Aaron as the propitiator, is to be looked at first as bearing in his censer that which was necessary for the propitiation. He did not come empty-handed. Even though God's high priest, he must take the censor, he must fill it with the ordained incense, made with the ordained materials, and then he must light it with the sacred fire from off the altar, and with that alone. With the censer in his hand he is safe; without it Aaron might have died as well as the rest of the people. The qualification of Aaron partly lay in the fact that he had the censer, and that that censer was full of sweet odours which were acceptable to God. Behold, then, Christ Jesus as the propitiator for his people. He stands this day before God with his censor smoking up towards heaven. Behold the Great High Priest! See him this day with his pierced hands, and head that once was crowned with thorns. Mark how the marvellous smoke of his merits goeth up for ever and ever before the eternal throne. 'Tis he, 'tie he alone who puts away the sins of his people. His incense, as we know, consists first of all of his positive obedience to the divine law. He kept his Father's commands; he did everything he should have done; he kept to the full the whole law of God, and made it honorable. Then mixed with this is his blood—an equally rich and precious ingredient. That bloody sweat—the blood from his head, pierced with the crown of thorns, the blood of his hands as they were nailed to the tree; the blood of his feet as they were fixed to the wood; and the blood of his very heart—richest of them all—all mixed together with his merits—these make up the incense—an incense incomparable—an incense peerless and surpassing all others. Not all the odours that ever rose from tabernacle or temple could for a moment stand in rivalry with these. The blood alone speaketh better things than that of Abel, and if Abel's blood prevailed to bring vengeance, how much more shall the blood of Christ prevail to bring down pardon and mercy! Our faith is fixed on perfect righteousness and complete atonement, which are as sweet frankincense before the Father's face.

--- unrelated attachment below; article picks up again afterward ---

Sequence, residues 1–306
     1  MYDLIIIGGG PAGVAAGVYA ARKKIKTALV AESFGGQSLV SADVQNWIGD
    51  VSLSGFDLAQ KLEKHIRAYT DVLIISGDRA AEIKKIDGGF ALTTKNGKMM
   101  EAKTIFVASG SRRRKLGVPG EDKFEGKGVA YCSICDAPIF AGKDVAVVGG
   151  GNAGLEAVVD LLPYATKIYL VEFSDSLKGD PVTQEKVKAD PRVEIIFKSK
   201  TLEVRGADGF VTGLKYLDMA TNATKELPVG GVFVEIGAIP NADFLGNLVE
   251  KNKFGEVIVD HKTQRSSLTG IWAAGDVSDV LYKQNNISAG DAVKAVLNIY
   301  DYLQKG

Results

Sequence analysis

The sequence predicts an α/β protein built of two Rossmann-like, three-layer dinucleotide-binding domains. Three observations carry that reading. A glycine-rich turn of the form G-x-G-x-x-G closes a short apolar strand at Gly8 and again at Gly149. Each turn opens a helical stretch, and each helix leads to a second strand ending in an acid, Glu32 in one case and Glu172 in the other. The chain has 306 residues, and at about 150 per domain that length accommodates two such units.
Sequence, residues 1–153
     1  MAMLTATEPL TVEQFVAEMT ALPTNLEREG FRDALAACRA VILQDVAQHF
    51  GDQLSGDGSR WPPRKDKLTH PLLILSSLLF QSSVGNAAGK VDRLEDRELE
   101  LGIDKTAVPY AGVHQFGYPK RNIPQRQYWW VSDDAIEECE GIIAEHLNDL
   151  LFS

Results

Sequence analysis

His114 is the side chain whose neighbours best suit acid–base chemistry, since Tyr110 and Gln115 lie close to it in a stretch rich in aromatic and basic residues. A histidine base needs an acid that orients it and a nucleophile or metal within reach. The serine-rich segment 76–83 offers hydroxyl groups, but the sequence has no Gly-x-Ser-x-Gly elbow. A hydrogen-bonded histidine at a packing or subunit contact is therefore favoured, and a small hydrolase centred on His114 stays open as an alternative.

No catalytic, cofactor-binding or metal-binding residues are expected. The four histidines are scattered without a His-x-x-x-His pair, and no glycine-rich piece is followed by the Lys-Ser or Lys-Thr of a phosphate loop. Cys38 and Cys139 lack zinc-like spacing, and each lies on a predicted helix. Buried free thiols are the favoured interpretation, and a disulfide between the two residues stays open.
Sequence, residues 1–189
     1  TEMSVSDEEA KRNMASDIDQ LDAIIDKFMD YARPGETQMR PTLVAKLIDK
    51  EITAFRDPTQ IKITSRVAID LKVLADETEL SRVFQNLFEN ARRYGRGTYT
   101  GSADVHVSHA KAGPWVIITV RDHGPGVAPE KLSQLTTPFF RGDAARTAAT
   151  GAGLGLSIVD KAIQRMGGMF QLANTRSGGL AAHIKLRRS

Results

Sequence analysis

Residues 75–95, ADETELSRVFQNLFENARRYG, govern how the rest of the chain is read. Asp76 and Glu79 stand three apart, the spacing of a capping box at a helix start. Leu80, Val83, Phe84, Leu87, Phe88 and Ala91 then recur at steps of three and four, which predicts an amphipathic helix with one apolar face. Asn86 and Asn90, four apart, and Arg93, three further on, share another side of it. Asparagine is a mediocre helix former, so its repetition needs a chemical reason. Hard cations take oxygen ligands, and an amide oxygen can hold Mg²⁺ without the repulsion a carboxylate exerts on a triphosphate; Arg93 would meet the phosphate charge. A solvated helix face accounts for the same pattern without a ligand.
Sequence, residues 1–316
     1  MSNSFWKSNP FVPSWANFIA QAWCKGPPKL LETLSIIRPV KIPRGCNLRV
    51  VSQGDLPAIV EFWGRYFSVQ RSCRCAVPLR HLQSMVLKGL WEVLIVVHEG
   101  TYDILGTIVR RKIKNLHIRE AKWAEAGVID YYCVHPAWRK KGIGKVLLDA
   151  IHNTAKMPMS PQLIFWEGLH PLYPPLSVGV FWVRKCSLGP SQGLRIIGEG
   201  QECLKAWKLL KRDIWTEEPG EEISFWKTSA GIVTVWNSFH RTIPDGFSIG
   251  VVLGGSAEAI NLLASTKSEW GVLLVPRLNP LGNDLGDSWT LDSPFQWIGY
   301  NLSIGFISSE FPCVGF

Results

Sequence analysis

Besides that, it was not enough for Aaron to have the proper incense. Korah might have that too, and he might have the censor also. That would not suffice—he must be the ordained priest; for mark, two hundred and fifty men fell in doing the act which Aaron did. Aaron's act saved others; their act destroyed themselves. So Jesus, the propitiator, is to be looked upon as the ordained one—called of God as was Aaron. Settled in eternity as being the predestinated propitiation for sin, he came into the world as an ordained priest of God, receiving his ordination not from man, neither by man, but like Melchisedec, the priest of the Most High God, without father, without mother, without descent, having neither beginning of days nor end of life, he is a priest for ever after the order of Melchisedec. Stand back, sons of Korah, all of you who call yourselves priests. I can scarce imagine that any man in this world who takes to himself the title of a priest, except he take it in the sense in which all God's people are priests,—I cannot imagine that a priest can enter heaven. I would not say a thing too stern or too severe; but I do most thoroughly believe that an assumption of the office of priest is so base an usurpation of the priestly office of Christ, that I could as well conceive of a man being saved who called himself God, as conceive of a man being saved who called himself a priest; if he really means what he says, he has so trenched upon the priestly prerogative of Christ, that it seems to me he has touched the very crown jewels, and is guilty of a blasphemy, which, unless it be repented of, shall surely bring damnation on his head. Shake your garments, ye ministers of Christ, from all priestly assumption; come out from among them; touch not the unclean thing. There are no priests now specially to minister among men. Jesus Christ, and he only is the priest of his Church, and he hath made all of us priests and kings unto our God, and we shall reign for ever and ever. If I should have any person here so weak as to depend for his salvation upon the offerings of another man, I conjure him to forego his deception. I care not who your priests may be. He may belong to the Anglican or to the Romish church. Ay, and to any church under heaven. If he claimeth to be anything of a priest more than you can claim yourself—away with him—he imposes upon you; he speaks to you that which God abhors, and that which the Church of Christ should abhor and would detest, were she truly alive to her Master's glory. None but Jesus, none but Jesus; all other priests and offerings we disdain. Cast dirt upon their garments, they are not and they cannot be priests; they usurp the special dignity of Jesus.